Oysters are a popular seafood delicacy in Fairhope, Alabama, and the Alabama Department of Conservation and Natural Resources (ADCNR) is responsible for monitoring and managing the oyster population. The ADCNR evaluates public oyster reefs annually by divers using transects to determine the density of oysters on the reefs. This data is used to make recommendations to the director about the state of the oyster reefs and whether they should be closed for biological reasons or if different catch limits should be imposed. The ADCNR also helps the Alabama Department of Public Health's Seafood Subdivision collect samples to monitor oysters on public reefs and ensure public health.
An annual reef improvement program is funded by money received from the sale of oyster plates. This program plants oyster shells, received from local processors, on public reefs. The current conditions of natural oyster hatcheries and challenges, such as the increase in rainfall upstream, which reduces salinity below the levels that oysters can tolerate, are discussed. Ways to restore oyster farms to obtain healthy, wild-caught oysters suitable for harvesting are also explored.
Recreational pickers can collect up to 100 legal-sized oysters (minimum 3 inches) in the same areas and during the same hours as they collect them commercially. Pickers are reminded to visit oyster management stations located in front of Jemison's Bait and Tackle (16871 Dauphin Island Parkway, Coden, Alabama 3652) or Delta Port Marina (5080 Green Drive, Coden, Alabama 3652) to leave their OMS identification cards and confirm which grills are open for harvesting before starting their harvesting journey. Nowadays, there are fewer and fewer wild-caught oysters, as oyster farms have become exhausted and replenishment conditions have become more difficult. Andy's strong work with Vibrio, a natural bacterium common in estuaries, such as fish and shellfish, underpins national and international control plans to reduce the risk of gastroenteritis and more serious diseases due to the consumption of raw shellfish, especially oysters. Runoff is full of pathogens and nutrients, causing frequent closures for oyster harvesting and harmful algae blooms. The ADCNR will open limited areas of public oyster funding for harvesting Monday through Friday starting Monday in October.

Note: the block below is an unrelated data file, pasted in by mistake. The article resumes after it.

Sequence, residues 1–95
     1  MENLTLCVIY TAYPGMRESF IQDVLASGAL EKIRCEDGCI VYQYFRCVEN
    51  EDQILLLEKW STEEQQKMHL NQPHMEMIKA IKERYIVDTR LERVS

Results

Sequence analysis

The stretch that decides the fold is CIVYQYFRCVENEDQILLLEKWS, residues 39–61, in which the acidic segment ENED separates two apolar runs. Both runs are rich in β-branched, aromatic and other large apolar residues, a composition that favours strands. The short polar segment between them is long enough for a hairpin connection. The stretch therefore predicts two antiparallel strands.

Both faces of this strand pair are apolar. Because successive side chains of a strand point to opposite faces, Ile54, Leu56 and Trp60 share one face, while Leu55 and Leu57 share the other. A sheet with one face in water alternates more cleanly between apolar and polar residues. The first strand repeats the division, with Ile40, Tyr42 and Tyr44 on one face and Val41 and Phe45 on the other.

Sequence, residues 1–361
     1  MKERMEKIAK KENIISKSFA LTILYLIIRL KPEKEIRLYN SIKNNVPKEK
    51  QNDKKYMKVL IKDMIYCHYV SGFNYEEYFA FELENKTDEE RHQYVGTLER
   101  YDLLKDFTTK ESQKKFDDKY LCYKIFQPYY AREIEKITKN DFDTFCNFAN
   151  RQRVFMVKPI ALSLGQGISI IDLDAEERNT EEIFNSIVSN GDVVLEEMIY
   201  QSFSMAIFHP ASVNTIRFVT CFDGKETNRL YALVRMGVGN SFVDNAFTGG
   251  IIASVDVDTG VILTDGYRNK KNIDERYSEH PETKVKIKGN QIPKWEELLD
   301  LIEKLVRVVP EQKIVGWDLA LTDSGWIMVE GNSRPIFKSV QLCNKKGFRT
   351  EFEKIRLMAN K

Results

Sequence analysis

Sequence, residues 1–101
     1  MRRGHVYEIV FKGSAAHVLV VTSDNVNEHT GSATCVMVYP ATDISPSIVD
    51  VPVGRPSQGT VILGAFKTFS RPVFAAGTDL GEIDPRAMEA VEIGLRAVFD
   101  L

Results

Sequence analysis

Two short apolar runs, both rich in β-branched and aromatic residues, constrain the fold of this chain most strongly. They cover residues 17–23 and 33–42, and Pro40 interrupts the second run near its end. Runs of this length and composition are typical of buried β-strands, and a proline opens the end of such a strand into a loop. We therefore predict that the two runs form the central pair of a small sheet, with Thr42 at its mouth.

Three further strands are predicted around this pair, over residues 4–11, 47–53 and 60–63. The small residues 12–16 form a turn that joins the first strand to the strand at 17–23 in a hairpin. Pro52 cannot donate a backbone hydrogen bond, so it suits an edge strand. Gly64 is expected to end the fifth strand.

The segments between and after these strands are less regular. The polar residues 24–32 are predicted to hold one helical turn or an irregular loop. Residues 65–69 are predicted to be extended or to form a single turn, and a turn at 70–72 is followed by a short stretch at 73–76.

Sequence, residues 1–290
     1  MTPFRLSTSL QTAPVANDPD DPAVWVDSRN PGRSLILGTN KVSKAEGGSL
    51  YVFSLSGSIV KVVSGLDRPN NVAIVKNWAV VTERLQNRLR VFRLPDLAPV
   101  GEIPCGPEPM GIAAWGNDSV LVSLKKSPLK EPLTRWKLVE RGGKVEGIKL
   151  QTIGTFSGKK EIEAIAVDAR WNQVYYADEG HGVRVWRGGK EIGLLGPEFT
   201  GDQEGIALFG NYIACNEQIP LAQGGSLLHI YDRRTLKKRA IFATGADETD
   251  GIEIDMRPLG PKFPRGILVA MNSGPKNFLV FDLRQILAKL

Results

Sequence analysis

Many of these oysters are served raw with half a shell or grilled in Steiner's food truck, The Roaming Oyster. Pickers can view their locations and open collection areas with the gridded oyster map from the Alabama Oyster Management Station (WHO). They are attracted to the scent that other oysters give off in the fifty gallons of seawater they filter every day. Oysters are an important part of Fairhope's culture and economy. To ensure that they remain abundant for generations to come, it is essential that we take steps to preserve them.
The ADCNR has taken a proactive approach by monitoring public reefs annually and providing funding for reef improvement programs. They also help the Alabama Department of Public Health's Seafood Subdivision collect samples to monitor oysters. Recreational pickers can collect up to 100 legal-sized oysters, while Andy's work with Vibrio helps reduce the risk of diseases due to consuming raw shellfish. Finally, limited areas of public oyster funding will be opened for harvesting Monday through Friday starting Monday in October. By following these steps, we can ensure that Fairhope's oysters remain abundant for generations to come.